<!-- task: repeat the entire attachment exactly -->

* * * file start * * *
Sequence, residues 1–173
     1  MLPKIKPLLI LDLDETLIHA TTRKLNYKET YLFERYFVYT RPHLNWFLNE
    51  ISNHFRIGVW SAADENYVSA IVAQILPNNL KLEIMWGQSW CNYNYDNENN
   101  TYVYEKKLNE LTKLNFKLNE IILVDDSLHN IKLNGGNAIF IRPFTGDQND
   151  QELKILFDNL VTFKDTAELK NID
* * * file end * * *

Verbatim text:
Sequence, residues 1–173
     1  MLPKIKPLLI LDLDETLIHA TTRKLNYKET YLFERYFVYT RPHLNWFLNE
    51  ISNHFRIGVW SAADENYVSA IVAQILPNNL KLEIMWGQSW CNYNYDNENN
   101  TYVYEKKLNE LTKLNFKLNE IILVDDSLHN IKLNGGNAIF IRPFTGDQND
   151  QELKILFDNL VTFKDTAELK NID